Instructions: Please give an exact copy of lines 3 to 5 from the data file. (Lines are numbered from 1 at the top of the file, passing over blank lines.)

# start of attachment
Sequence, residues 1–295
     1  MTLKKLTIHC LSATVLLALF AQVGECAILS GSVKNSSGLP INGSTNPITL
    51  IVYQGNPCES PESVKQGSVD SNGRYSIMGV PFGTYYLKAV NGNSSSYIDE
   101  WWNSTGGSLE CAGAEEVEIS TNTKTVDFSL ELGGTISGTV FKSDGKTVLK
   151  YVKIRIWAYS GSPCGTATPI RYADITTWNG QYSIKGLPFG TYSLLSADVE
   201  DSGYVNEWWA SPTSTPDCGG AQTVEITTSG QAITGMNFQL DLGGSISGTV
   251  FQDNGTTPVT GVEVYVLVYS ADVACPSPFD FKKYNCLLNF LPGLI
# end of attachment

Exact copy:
    51  IVYQGNPCES PESVKQGSVD SNGRYSIMGV PFGTYYLKAV NGNSSSYIDE
   101  WWNSTGGSLE CAGAEEVEIS TNTKTVDFSL ELGGTISGTV FKSDGKTVLK
   151  YVKIRIWAYS GSPCGTATPI RYADITTWNG QYSIKGLPFG TYSLLSADVE